I am now looking forward to several spectacular and enjoyable art events in the months ahead, and would like to mention two shows in particular. Oliver Hoare will be presenting a new edition of “Every Object Tells a Story”, a public exhibition on view from May 4th to July 5th, 2017 at 5 Cromwell Place, London. The exhibition comprises approximately 400 unusual and interesting objects spanning five millennia that represent multiple civilisations; each has been carefully selected on the basis of its backstory and historical interest. Highlights include a 13th century silver drinking vessel bearing the seal of Mongke Khan, grandson of Genghis Khan and ruler of the Mongol dynasty at its peak; an exceptional group of objects from the Indus Valley civilisation, probably the finest in private hands; a silver skull pomander believed to have been owned by King James II; a rare group of votive figures from ancient Bactria; a 2000-year old Mexican stargazer; and there are also sections dedicated to magic, sex, myths, meteorites and unicorns.
This is a milestone year for the International Antiques Fair (IAF). The fair’s tenth edition will take place once again at the Hong Kong Convention and Exhibition Centre from May 26th to 30th, 2017. It has been a fine achievement by founders William and Priscilla Chak, and their son, Ronald Chak, who manages the fair. This year, IAF will bring together more than seventy prestigious dealers, including Galerie Lamy (Belgium), Christian Deydier (Paris), Hollywood Galleries (Hong Kong) and Esmé Parish Silver (Singapore). Additional events include an exhibition by The World’s Chinese Collectors Association, exceptional exhibitions of Chinese paintings and Japanese lacquer, antiques appraisals, lectures, guided tours and tea ceremonies. The fair will be inaugurated with a charity event to benefit the Tung Wah Group of Hospitals Heritage Fund.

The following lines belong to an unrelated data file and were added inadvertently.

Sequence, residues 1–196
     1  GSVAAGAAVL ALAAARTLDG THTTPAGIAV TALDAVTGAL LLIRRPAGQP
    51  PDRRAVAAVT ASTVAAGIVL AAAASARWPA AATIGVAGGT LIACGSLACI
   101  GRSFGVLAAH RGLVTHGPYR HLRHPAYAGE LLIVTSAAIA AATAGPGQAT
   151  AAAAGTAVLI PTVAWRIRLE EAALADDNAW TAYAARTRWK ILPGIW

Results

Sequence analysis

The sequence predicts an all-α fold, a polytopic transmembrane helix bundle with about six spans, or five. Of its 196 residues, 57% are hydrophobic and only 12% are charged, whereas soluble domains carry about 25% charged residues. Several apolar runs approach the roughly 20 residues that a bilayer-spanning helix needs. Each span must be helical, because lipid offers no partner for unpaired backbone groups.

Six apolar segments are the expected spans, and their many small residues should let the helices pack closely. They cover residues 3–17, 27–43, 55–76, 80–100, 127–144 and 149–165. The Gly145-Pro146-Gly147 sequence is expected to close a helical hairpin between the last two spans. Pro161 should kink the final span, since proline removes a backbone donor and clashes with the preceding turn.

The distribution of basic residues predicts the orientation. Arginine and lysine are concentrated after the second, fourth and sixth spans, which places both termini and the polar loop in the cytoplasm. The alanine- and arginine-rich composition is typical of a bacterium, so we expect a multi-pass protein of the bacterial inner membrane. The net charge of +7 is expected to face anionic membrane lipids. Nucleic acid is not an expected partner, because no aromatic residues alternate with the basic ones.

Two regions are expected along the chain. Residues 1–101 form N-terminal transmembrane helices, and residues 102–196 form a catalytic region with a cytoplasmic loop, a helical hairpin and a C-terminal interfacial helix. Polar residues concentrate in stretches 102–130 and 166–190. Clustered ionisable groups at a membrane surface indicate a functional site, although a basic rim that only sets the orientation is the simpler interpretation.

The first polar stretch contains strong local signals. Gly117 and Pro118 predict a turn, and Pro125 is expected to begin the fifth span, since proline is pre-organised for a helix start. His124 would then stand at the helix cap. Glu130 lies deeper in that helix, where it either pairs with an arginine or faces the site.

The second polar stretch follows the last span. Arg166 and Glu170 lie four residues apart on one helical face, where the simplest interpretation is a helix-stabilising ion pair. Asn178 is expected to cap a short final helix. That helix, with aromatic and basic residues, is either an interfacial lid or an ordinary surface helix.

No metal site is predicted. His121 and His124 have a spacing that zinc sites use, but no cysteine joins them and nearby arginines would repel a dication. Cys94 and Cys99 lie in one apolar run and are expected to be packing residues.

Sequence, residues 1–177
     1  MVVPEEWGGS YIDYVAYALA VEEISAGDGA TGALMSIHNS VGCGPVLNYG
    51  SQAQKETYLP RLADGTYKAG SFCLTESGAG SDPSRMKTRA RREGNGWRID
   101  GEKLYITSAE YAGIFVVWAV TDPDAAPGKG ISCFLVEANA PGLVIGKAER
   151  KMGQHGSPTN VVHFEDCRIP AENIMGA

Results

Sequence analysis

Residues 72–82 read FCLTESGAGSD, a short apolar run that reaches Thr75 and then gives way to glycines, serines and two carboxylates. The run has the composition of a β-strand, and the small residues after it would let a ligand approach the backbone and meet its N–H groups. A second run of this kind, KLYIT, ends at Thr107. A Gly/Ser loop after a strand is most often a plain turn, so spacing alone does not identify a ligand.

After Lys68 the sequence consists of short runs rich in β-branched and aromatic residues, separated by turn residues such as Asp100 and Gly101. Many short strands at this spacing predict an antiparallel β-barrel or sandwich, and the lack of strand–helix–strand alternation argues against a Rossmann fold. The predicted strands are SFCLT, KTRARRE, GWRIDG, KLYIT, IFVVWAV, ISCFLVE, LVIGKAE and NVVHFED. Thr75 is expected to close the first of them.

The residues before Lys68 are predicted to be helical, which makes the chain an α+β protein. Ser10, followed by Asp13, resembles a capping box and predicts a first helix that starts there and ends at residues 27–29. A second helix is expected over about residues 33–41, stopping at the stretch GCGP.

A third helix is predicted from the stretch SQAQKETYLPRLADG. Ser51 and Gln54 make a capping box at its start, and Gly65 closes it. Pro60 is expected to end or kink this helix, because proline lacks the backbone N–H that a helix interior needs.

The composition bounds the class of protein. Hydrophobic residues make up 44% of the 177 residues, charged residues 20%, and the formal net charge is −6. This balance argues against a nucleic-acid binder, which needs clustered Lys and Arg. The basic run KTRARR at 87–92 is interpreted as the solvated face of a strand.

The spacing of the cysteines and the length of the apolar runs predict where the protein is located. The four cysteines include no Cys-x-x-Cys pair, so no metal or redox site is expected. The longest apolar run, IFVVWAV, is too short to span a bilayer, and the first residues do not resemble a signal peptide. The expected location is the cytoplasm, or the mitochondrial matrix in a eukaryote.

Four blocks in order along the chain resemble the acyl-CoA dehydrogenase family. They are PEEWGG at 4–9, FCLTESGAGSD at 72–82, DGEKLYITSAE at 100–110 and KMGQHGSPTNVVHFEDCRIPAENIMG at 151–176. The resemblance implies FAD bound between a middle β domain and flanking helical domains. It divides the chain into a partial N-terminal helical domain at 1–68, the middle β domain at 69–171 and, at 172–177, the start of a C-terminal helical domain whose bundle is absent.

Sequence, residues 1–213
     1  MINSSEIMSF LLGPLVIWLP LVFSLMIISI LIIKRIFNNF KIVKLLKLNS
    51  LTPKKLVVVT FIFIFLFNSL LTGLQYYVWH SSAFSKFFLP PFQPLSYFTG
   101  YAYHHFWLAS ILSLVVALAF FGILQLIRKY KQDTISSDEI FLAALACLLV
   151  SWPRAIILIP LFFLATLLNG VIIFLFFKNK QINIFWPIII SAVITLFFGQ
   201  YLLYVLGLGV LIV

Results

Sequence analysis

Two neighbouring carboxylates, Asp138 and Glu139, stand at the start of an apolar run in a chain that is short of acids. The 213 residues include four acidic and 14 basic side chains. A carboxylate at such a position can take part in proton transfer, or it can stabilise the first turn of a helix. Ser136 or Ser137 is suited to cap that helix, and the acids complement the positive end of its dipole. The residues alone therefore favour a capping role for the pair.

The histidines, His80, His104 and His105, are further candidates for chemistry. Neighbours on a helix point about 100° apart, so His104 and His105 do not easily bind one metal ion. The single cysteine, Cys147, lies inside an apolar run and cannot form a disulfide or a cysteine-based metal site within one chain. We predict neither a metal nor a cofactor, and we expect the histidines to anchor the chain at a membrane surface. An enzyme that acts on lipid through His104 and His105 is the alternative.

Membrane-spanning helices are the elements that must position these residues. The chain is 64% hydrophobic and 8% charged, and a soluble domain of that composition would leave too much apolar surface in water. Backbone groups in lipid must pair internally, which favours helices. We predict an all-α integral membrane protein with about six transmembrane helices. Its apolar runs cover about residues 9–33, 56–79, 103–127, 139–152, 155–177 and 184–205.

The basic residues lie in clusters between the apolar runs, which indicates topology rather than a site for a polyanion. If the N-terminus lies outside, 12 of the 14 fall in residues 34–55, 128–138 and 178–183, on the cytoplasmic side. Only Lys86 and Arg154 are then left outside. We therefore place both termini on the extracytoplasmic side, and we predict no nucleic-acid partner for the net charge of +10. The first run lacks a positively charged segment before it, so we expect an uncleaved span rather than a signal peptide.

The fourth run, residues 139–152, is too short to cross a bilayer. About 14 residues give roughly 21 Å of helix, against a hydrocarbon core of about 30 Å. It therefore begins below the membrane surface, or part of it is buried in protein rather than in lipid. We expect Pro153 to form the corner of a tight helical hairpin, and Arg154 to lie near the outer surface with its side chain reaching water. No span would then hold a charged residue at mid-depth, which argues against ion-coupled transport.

Also, the fifth edition of Asia Week Hong Kong will be held from May 25th to June 10th, 2017 presenting a series of educational programmes on Asian art from antiquity to contemporary at venues around the city. For more information, please visit their website www.asiaweekhk.com.
Over the past decade, Hong Kong has become a leading art hub for new and veteran collectors from China and Southeast Asia. As a result, many international galleries and auction houses have moved to, or expanded their operations in, the city. Cultural institutions are also keeping pace with these developments. For example, the Hong Kong Museum of Art has been closed since August 2015 for a major renovation and expansion. When it reopens in 2019, the museum’s exhibition area will increase by over 40 per cent, providing more opportunities to rotate its collections as well as attract major overseas exhibitions. The Hong Kong Palace Museum proposal is another significant initiative. If this planned undertaking proceeds, the museum will exhibit artefacts from Beijing’s Palace Museum in Hong Kong’s West Kowloon Cultural District. Construction is scheduled to begin in 2017, with the museum set for completion by 2022. Clearly, the art market continues to evolve in Hong Kong, and I am pleased to announce that our special July–August edition will focus on my home town, in celebration of the 20th anniversary of the handover.